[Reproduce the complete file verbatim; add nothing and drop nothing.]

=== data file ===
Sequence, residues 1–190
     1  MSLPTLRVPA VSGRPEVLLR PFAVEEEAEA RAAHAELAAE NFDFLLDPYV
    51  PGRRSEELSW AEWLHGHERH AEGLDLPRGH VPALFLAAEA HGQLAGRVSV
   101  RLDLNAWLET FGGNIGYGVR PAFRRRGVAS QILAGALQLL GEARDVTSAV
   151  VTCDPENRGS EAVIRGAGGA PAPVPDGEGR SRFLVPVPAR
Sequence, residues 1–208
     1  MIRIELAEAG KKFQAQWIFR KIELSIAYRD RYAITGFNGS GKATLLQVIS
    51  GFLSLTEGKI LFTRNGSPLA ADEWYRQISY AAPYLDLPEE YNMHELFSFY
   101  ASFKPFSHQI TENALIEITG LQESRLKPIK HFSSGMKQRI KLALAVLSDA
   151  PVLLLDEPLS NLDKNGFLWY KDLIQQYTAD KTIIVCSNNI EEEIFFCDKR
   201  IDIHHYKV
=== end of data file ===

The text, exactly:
Sequence, residues 1–190
     1  MSLPTLRVPA VSGRPEVLLR PFAVEEEAEA RAAHAELAAE NFDFLLDPYV
    51  PGRRSEELSW AEWLHGHERH AEGLDLPRGH VPALFLAAEA HGQLAGRVSV
   101  RLDLNAWLET FGGNIGYGVR PAFRRRGVAS QILAGALQLL GEARDVTSAV
   151  VTCDPENRGS EAVIRGAGGA PAPVPDGEGR SRFLVPVPAR
Sequence, residues 1–208
     1  MIRIELAEAG KKFQAQWIFR KIELSIAYRD RYAITGFNGS GKATLLQVIS
    51  GFLSLTEGKI LFTRNGSPLA ADEWYRQISY AAPYLDLPEE YNMHELFSFY
   101  ASFKPFSHQI TENALIEITG LQESRLKPIK HFSSGMKQRI KLALAVLSDA
   151  PVLLLDEPLS NLDKNGFLWY KDLIQQYTAD KTIIVCSNNI EEEIFFCDKR
   201  IDIHHYKV